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Humanitarian Aid is Never a Crime

Resisting the Repression of Aid Work

By Mayuri Anupindi on July 30, 2018

Near the U.S.-Mexico border, No More Deaths (NMD) volunteers carry gallons of water into remote areas of the Sonoran desert, where dozens of people die every year in their attempt to walk across the border. For as many bodies that are recovered in the desert, estimates are that up to three times that number of people go missing and are never found. This January, NMD, a UUSC partner, released a report documenting how U.S. Customs and Border Protection (CBP) officers routinely destroy their water and supply drops. Authorities responded swiftly, arresting a NMD volunteer that same day and charging him with “harboring illegal aliens,” a federal felony. Several other NMD volunteers were also charged with criminal offenses for leaving water in the desert.

At midnight in Croatia, an Afghani family is caught in a snowstorm after crossing the border from Serbia. They send a message to Are You Syrious (AYS), a Croatian volunteer organization helping refugees and UUSC partner. They are traveling in a group of 14 people, including 11 children. It is their fourth time seeking asylum in Croatia after being illegally pushed back three times before. In a previous pushback, their six-year-old daughter, Madina Hussiny, was killed in a train collision after Croatian officers directed them to follow the tracks back to Serbia. AYS volunteers immediately inform the police and send a volunteer to the closest police station to meet the Hussiny family. The volunteer, through direct contact with the police, helps the family initiate the asylum procedure under Croatian law. The volunteer is then notified that he will be charged with assisting in the illegal crossing of a border.

In Budapest, Hungary, it is the beginning of summer. A group of lawyers, aid workers, and activists in matching t-shirts inflate a giant red heart-shaped balloon in the sunshine outside the majestic parliament building on the Danube. The festive scene contrasts with their urgent demands to stop plans to criminalize aid to asylum-seekers. A few days later, the National Parliament marks World Refugee Day by passing a law that could send some of those people to jail and shut their organizations down.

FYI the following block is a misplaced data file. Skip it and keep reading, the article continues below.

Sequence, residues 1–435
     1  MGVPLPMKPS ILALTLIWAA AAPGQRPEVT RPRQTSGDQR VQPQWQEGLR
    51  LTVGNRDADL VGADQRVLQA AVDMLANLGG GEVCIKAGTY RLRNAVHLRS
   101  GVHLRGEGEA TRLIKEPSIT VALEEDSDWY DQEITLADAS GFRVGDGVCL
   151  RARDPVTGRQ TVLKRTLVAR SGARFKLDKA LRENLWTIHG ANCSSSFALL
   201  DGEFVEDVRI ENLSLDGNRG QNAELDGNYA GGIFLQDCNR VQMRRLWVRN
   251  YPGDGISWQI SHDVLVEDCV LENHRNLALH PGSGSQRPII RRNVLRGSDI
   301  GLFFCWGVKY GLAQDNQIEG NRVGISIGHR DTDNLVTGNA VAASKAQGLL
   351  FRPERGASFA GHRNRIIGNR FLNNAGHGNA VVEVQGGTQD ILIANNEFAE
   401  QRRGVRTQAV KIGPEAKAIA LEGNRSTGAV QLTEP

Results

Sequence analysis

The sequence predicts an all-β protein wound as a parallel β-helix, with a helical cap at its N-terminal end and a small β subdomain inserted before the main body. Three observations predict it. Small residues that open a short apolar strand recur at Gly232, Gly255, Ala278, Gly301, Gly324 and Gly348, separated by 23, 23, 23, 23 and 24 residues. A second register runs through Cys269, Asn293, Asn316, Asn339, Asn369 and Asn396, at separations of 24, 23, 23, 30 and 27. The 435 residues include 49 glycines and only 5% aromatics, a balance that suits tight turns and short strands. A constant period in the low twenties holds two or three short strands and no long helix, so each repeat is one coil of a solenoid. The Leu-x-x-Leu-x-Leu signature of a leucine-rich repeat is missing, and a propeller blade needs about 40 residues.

There was a time when such acts – leaving water for people dying of thirst, helping asylum-seekers through the legal process – would be celebrated as good, compassionate work. Why are they being criminalized?

The roots of criminalization

In May, I was part of a group of UUSC staff and donors who visited our partners helping refugees along the Balkans route to Western Europe. In Zagreb, Belgrade, and Budapest, activists told us stories about the outpouring of support for the first large waves of refugees traversing the Balkans to seek refuge in Western Europe. “It was really nice…we were seeing lots of volunteers going out to the streets and helping people on the move,” said Aniko Bakonyi, from the Hungarian Helsinki Committee (HHC), Hungary’s leading human rights organization.

Our partner Centre for Peace Studies, one of the most well-established civil society organizations (CSOs) in Croatia, documented this community spirit with a series of moving short films showing Croatians helping refugees. The slogan: There is no them and us. We’re all people. However, once the Balkans route “closed,” refugees were viewed with suspicion, CSO staff were no longer invited for televised interviews on the issue, and government officials  began accusing them of helping migrants secretly cross the border into Croatia. The Croatian Ministry of the Interior is continuing to pursue charges against the AYS volunteer who assisted the Hussiny family, seeking a punishment of three months in prison, a penalty of 45,000 euros, and an order prohibiting him from working in Croatia.